Oct 17, 2014 06:13 PM EDT
This past summer has proven to be the worst drought California has seen in our generation. Not only were water warnings strictly enforced, leading to neighbor turning on neighbors in the constant battle of lawn watering infractions, but some areas even had to have bottled water services deliver to their homes after running water was shut off in counties of the western state. But researchers don't think that this summer was a fluke, but rather a result of changing atmospheric climate... the same that led to the 1934 drought which was the driest of the millennia.
Recently accepted for publication by the journal Geophysical Research Letters, a journal of the American Geophysical Union, the research lead by NASA's Goddard Institute for Space Studies analyzed the relative intensity and devastation caused by droughts since 1000 AD and found that though the 2014 summer in California was particularly out of the ordinary even in the driest of areas, it did not quite compare to the drought of 1934.
"We noticed that 1934 really stuck out as not only the worst drought but far outside the normal range of what we see in the record" lead researcher Benjamin Cook says. "Dust storms may have dried things out further and kicked 1934 into a really extreme event."
The drought, which affected nearly 72 percent of the western United States, was a culmination of natural phenomena and human-related events in the form of dust storms caused by failed crop planning, researchers say. In fact, the rare and unforeseen drought was approximately seven times larger than droughts of comparable intensity from 1000AD to 2005, as reported by the NOAA records. And it was nearly 30 percent worse than the last record-breaking drought of 1580.
And researchers have found that the emergent conditions found in 1934 were near identical to what they're finding this year. High-pressure ridges lying over the Pacific Coast of the United States exacerbates normal drought conditions by deflecting storms holding much-needed rain water from the western states.
"When you have a high-pressure system there, it steers storms much farther north than they would normally be" Cook says. "With this high pressure sitting there in the winter of 1933 to 1934, it block a lot of the rainfall and storms that you would expect to come into California."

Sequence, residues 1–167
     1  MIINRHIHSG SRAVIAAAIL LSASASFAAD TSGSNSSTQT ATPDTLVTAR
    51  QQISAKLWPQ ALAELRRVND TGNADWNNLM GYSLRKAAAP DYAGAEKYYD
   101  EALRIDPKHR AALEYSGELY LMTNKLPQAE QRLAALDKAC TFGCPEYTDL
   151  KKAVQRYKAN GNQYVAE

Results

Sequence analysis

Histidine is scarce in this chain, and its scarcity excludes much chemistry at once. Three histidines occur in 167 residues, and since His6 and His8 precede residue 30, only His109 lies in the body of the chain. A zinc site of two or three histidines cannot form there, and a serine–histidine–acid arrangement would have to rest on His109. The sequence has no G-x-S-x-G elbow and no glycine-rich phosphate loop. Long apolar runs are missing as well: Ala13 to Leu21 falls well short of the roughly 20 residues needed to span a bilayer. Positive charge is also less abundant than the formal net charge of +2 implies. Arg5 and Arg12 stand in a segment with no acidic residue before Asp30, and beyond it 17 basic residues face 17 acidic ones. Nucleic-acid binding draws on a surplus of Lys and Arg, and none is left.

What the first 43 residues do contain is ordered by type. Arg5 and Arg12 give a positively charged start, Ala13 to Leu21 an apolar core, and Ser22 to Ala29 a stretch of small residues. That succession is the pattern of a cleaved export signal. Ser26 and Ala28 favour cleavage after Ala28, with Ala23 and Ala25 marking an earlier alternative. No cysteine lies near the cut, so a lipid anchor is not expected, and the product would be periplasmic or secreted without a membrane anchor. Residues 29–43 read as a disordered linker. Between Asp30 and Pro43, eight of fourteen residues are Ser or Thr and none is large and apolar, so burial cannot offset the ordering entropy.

Using models to recreate the conditions of the 1934 drought, researchers were able to analyze the catastrophic events that took place and the preexisting conditions that may have led to the drought's severity, though the study did not find an answer to what causes these high-pressure ridges lying over the western states.
"There's some evidence that maybe it could be forced by changes in ocean temperatures in parts of the Pacific, but by all accounts, it appears to be just a natural mode of variability in the atmosphere" Cook says.
So while the current California drought may be the worst we will see this decade, it is by far not anywhere near as severe as that of 1934. And though similar conditions exist currently, which could potentially cause even worse widespread devastation across the western United States, the researchers assure the public that there are programs in place to hopefully predict and prevent a drought like that of 1934 ever again.
"Now we have the Natural Resources Conservation Service, which helps to limit wind erosion and dust storm erosion; they can reduce the chance of a 1934 event occurring again" Cook says. "[And while preventing these droughts may be a difficult task] it is such an important problem that society must be able to predict these major droughts."
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